Gossip with the one and only fresh graduate in 2017 | Employment Information | Colorkrew


2017/12/08 at Colorkrew office

【Conversation between Senior and Junior】Gossip with the one and only fresh graduate in 2017

  • Takahiro Nishida

    Joined Colorkrew Inc. after graduating in 2014

    After having switched from back end to front end development, he takes on the challenge of developing with Swift on his 3rd year.
    He is a up-and-comer, leading his team and customers as a project manager for an accounting application.

    →Go to member’s introduction page

  • Naoya Fukuhara

    Joined Colorkrew Inc. after graduating in 2017

    Apprentice programmer graduated from technical college.
    His stomach hurts as soon as he gets nervous. Trying to become a quiet adult.
    Recently his hobby is listening to technical podcasts.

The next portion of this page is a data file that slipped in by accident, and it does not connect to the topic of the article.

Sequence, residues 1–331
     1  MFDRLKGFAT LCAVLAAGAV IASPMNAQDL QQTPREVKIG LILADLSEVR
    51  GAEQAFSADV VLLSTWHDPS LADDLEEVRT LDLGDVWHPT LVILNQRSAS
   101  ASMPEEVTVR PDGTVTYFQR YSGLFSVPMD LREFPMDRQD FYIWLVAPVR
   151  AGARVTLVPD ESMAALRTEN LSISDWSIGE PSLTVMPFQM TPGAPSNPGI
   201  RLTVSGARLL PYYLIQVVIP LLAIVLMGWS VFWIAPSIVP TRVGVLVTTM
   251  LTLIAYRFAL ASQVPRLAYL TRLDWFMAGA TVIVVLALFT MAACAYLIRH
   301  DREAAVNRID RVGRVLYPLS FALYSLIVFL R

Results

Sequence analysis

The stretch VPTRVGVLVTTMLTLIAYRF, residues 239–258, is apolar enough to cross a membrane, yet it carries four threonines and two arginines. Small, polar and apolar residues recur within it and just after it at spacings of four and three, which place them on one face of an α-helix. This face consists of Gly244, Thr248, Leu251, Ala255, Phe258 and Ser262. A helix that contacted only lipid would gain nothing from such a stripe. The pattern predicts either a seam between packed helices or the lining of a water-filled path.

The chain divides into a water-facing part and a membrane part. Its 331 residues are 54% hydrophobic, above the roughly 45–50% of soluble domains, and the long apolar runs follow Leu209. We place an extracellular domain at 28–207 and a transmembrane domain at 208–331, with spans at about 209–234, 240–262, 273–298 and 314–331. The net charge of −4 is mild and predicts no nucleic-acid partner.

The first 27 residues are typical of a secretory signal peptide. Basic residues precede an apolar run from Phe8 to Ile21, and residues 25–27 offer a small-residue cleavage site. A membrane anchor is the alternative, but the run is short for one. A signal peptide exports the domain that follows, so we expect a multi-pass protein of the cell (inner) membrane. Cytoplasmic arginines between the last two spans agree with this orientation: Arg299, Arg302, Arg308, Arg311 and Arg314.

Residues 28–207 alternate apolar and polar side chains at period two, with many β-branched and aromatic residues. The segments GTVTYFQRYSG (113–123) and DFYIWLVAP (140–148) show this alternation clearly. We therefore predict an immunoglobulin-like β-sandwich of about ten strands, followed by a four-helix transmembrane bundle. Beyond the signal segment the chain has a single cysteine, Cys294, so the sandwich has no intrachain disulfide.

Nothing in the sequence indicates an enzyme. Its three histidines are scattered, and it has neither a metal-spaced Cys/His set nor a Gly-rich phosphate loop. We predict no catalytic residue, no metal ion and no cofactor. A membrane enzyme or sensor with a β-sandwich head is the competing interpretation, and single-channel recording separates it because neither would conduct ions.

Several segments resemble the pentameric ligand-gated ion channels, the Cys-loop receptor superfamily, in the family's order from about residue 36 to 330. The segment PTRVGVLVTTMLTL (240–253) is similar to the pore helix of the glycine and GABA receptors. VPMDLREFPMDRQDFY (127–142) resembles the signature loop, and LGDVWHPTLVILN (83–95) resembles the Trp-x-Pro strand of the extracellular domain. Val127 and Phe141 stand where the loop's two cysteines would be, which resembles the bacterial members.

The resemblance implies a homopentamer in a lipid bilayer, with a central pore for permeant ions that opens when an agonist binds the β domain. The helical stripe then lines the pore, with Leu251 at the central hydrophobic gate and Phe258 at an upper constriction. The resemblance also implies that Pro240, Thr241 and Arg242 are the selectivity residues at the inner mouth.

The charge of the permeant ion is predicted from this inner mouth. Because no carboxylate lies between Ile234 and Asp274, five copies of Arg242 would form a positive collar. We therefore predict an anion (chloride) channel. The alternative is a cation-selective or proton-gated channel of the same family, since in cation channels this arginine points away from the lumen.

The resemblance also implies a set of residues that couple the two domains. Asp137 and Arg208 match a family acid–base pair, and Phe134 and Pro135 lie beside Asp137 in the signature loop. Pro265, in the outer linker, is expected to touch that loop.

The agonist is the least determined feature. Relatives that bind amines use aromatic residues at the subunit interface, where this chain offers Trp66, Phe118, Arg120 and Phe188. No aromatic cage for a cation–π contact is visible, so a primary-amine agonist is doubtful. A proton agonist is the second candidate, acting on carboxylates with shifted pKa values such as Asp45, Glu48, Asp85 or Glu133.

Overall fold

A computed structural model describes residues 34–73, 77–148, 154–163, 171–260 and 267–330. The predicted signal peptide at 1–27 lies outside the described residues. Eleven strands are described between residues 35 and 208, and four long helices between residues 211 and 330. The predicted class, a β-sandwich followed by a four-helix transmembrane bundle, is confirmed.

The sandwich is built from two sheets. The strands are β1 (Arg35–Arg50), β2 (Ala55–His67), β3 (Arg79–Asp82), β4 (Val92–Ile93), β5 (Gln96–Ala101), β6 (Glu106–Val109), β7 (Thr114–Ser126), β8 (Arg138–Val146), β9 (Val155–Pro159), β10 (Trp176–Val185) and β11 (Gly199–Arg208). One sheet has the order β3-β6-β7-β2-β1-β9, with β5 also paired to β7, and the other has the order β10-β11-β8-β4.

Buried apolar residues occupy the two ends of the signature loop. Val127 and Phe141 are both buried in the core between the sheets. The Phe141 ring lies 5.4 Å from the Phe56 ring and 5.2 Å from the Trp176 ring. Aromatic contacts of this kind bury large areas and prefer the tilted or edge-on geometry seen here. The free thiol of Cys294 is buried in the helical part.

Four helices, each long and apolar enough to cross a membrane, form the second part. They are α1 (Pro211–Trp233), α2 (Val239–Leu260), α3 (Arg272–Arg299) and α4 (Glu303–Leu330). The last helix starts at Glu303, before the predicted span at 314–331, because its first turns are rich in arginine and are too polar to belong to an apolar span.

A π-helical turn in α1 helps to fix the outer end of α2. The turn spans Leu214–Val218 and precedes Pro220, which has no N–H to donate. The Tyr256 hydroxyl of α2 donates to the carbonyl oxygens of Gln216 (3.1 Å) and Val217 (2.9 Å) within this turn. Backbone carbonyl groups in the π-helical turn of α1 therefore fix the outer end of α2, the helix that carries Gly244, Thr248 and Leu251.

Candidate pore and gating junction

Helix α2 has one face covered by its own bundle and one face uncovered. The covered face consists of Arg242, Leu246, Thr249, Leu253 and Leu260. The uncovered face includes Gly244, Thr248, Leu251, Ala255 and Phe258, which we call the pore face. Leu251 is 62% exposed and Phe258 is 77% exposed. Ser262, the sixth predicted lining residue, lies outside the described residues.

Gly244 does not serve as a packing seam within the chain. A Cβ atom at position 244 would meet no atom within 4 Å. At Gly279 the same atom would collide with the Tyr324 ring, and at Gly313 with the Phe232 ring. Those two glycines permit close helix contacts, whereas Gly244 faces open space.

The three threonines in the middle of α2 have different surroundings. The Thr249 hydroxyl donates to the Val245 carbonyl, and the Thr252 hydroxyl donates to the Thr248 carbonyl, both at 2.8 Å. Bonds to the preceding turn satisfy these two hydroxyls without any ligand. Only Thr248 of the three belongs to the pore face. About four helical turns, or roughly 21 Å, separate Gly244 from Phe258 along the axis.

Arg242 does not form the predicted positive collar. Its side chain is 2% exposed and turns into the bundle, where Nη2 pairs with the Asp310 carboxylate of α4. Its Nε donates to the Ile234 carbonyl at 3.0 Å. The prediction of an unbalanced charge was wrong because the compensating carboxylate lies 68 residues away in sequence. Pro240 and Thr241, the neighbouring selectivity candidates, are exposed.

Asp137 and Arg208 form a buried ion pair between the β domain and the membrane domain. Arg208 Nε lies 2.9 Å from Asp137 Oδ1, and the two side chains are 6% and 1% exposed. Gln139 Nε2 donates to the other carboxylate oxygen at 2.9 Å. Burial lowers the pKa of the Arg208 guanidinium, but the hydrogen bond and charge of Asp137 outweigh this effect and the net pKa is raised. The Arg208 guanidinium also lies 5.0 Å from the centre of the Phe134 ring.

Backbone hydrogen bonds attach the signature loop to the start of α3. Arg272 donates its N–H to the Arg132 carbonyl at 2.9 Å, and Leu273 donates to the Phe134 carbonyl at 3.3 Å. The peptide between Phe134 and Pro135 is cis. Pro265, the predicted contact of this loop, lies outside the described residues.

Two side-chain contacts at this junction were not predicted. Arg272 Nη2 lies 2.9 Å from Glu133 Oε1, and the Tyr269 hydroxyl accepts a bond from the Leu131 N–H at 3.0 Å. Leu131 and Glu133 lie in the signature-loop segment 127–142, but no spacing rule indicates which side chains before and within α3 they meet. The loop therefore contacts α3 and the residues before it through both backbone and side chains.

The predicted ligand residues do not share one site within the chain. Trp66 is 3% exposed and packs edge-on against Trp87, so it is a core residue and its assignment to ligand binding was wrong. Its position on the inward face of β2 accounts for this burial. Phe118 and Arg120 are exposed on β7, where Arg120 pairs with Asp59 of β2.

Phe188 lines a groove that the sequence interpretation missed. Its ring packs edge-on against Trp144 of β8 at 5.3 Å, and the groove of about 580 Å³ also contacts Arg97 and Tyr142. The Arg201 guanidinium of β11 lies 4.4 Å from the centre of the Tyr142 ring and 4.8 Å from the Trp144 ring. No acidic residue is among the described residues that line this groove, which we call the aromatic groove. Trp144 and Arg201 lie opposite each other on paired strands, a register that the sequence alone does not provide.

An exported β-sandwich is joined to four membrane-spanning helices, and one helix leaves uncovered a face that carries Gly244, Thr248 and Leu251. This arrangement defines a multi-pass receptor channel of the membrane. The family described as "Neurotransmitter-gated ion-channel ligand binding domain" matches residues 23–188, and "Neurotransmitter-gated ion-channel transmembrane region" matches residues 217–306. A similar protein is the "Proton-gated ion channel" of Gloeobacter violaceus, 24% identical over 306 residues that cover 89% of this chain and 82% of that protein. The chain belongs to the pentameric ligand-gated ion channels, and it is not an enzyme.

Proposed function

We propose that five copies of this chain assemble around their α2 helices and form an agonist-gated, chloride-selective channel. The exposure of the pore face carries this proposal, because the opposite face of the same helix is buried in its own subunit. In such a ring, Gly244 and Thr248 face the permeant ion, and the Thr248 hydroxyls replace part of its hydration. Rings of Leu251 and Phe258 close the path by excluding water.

Right after graduating, the two of them joined Colorkrew, a company that has the culture of “super flat” management and carries the vision of "making work around the world more fun".
Colorkrew does not have any formal welcome ceremony like other big companies, nor a conventional training curriculum, so how did they learn about Colorkrew culture and grow here?
The situation surrounding fresh grads has changed over the past few years.
Their current work, what they have learned here, and their goals for the future.
Here is the testimony of these energetic members who are now active on the frontline.


How was it to be the only new graduate?

Oh, right… I was the only one... I felt a bit like being surrounded during the welcome ceremony. (Bitter laugh) But now that it’s been nine months, I think there were more pros than cons being the only graduate.